"IF it happened then… ". Clearly you doubt the veracity of what I am saying, and you aren't the first. It has been opined that I am clutching at straws hoping an expert might–just might–find something that could make this story true.

Not at all ) , there are several distinct things (none of which affect my trusting your word for it)

Q1) Is it possible that there was *somehow* an error in the whole thing?
A1) Yes, it is possible, and if there was such an error a possible theory (to be verified experimentally and coincidentally in accordance with your reported "low Wi-Fi signal" report has been provided).

Q2) Is it likely that the error lies in Yahoo time servers?
A2) No, it is IMHO very, very unlikely.

Q3) Is there any error (formal or mathematical) interpreting the data?
A3) Seemingly not, again IMHO and from the data provided.

Q4) Is the "right" next step attempting to obtain from Yahoo the server side logs?
A4) No, this will lead you nowhere, for two reasons, first one being that you won't obtain them (or you won't obtain them in a timely fashion), second since (IMHO) there is not any issue on Yahoo servers even if you obtain them they will not provide any additional meaningful information/data.

Q5) What is then the "right" next step?
A5) Test the given theory or - much better - find someone willing to test it that has also the capability - should it prove to be correct - to act as expert winess in Court.

Q6) Anything else I can do?
A6) IF it is possible find a competent forensic expert to make a full timeline of the activities of the PC (I believe you said that the laptop is still available and has not been touched/modified since 2011) may provide additional data (as said whether these additional data might be actually exculpatory evidence is another thing).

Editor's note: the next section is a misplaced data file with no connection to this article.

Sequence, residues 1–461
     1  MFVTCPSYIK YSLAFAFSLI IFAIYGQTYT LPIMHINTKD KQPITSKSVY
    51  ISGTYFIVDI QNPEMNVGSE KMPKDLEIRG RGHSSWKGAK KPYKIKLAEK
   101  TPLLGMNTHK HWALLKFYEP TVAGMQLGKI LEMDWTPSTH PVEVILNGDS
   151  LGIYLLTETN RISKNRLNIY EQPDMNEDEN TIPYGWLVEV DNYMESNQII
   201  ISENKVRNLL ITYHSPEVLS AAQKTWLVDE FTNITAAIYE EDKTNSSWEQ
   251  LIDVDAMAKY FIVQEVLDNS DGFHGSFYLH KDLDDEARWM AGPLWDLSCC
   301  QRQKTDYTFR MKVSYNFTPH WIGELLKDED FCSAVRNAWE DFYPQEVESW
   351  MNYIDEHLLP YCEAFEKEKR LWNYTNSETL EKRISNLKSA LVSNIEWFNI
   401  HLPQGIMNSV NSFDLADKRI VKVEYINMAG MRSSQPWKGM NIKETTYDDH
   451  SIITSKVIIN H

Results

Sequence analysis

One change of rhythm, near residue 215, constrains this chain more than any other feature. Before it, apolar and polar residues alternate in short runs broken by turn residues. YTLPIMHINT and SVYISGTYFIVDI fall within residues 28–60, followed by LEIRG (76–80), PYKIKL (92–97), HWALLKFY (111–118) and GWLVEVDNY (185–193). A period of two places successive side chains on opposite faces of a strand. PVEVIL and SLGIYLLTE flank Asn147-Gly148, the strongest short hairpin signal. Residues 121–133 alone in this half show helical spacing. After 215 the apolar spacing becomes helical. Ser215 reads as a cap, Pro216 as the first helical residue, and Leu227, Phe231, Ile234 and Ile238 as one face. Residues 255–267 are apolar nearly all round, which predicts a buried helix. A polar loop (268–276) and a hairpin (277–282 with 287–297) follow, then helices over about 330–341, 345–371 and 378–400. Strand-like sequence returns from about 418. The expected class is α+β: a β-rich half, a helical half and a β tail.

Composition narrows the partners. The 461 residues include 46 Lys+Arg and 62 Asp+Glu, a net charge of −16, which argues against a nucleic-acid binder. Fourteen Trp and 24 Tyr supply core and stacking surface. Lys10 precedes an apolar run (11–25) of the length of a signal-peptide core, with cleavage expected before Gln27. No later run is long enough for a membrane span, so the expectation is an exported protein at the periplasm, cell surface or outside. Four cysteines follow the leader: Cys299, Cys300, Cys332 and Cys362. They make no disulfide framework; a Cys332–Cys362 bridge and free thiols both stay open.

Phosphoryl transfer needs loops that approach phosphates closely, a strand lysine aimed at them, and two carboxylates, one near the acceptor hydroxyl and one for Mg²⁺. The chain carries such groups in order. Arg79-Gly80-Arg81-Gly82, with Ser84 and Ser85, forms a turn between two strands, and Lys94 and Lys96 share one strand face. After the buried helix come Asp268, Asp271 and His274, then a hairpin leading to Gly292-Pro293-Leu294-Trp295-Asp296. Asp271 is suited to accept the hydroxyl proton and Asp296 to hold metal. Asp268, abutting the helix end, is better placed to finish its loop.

jaclaz

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Posted : 07/02/2018 8:36 pm
freebird
(@freebird)
New Member

I can't imagine it possible to duplicate the original conditions because
1. The email was sent from Toronto and I am now restricted by bail conditions from leaving Kingston (where I am now and a matter of 25 miles from where the crime was committed).

2. Even if I could get to the residence in Toronto from where the email was sent, it is questionable as to whether the same wifi source that I was "bumming off" at the time is still operating–and I don't remember the name of the wireless network I used at the time (it didn't seem very important at that time), and even still most ppl these days have passwords on their routers these days.

Do not think that I am trying to negate a possible solution, I just can't imagine how I could duplicate the conditions.

I assure you that I am grateful someone is at least trying to help.